Phase III trials test the treatment on several hundred to several thousand voluntary patients, often at many different clinics or hospitals (multicenter trials) and even in different countries (multinational trials). These trials usually compare the new treatment with one already in use. Phase III studies typically last several years. Seventy percent to 90% of drugs that enter phase III studies successfully complete this phase of testing.

Phase IV takes place after marketing authorization. It is to gather data on a product authorized for marketing and used in accordance with approved current medical practice.

For more information, please see the glossary of clinical research terms from CenterWatch Clinical Trials Listing Service.

Because such issues require a certain expertise, we commonly take the lead in setting up study designs that integrate knowledge from experts in the field. In other instances we may only consult on how to clinically develop a drug. Usually, the most stimulating aspect of the work we do is diving into the available preclinical and clinical information to determine which endpoints or biomarkers would be interesting in light of the questions that need to be answered.

Taken together, these aspects turn phase I and II research into scientifically challenging studies (in contrast to more clinically challenging phase III studies; see box). In addition, the projects at CHDR usually are of relatively short duration while covering a broad range of drug classes, thus providing a lot of variation in the work. In practice, much time is required for working out study designs and analyzing and reporting (and publishing) study results, but often these are also the most exciting parts of the research. Personally and in retrospect, I appreciate the dynamics of the rapidly changing topics much more than the narrow focus I experienced during the laboratory experiments for my thesis.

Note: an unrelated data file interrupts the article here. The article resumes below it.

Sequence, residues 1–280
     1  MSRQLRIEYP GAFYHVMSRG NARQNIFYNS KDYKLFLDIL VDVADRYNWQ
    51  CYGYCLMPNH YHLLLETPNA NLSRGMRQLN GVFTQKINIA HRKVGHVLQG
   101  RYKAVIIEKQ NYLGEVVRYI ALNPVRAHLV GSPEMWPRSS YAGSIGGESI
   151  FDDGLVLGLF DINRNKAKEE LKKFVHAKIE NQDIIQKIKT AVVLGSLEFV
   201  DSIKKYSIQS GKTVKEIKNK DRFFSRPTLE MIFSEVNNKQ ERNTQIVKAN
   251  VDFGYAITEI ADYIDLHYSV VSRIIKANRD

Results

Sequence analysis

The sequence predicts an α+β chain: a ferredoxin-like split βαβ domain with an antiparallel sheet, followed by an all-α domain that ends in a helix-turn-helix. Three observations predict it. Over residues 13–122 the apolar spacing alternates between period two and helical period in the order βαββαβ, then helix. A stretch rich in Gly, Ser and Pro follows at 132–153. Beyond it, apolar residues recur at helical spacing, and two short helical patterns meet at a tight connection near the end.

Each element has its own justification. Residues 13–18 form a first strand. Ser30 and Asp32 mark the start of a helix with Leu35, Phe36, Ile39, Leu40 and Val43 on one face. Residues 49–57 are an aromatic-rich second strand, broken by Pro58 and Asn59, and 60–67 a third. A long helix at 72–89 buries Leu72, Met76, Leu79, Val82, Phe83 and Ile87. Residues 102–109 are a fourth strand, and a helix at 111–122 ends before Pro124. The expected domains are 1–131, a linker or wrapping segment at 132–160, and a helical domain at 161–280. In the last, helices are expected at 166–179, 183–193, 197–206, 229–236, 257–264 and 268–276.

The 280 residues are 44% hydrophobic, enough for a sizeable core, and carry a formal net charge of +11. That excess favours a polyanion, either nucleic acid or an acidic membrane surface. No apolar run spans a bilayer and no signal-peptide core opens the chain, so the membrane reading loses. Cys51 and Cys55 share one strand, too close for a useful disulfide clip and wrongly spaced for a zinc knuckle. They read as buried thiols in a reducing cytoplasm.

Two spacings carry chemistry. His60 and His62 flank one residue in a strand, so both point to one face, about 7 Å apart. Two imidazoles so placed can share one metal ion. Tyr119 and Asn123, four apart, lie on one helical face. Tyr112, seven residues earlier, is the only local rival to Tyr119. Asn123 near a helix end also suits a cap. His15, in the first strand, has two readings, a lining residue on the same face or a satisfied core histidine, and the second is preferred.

The switch from preclinical pharmacology to clinical drug research also meant a step into a world of many procedures and much administrative work, basically deriving from the international guidelines for good clinical practice (ICH/GCP). Thus, as for many of my colleagues entering the field of clinical pharmacology, the introduction of these qualitatively high standards initially led to some apprehension on my part. In the long run, however, one learns to appreciate a well-organized setting for generating data in an efficient and reliable way. For those who are new to clinical drug development, I would therefore advise you not only to become acquainted with the current GCP guidelines but also to understand how and why they came about.

Although changing responsibilities have shifted my actual work toward financial and personnel management, it is still closely related to current research projects. I think I will enjoy continuing my work in this environment for many more years.

Aernout van Haarst (Ph.D. 1995) is a clinical research scientist at the Centre for Human Drug Research (CHDR) in Leiden, where he has been involved in a broad area of clinical studies. He also consults with pharmaceutical companies and occasionally teaches pharmacology to medical students and nurses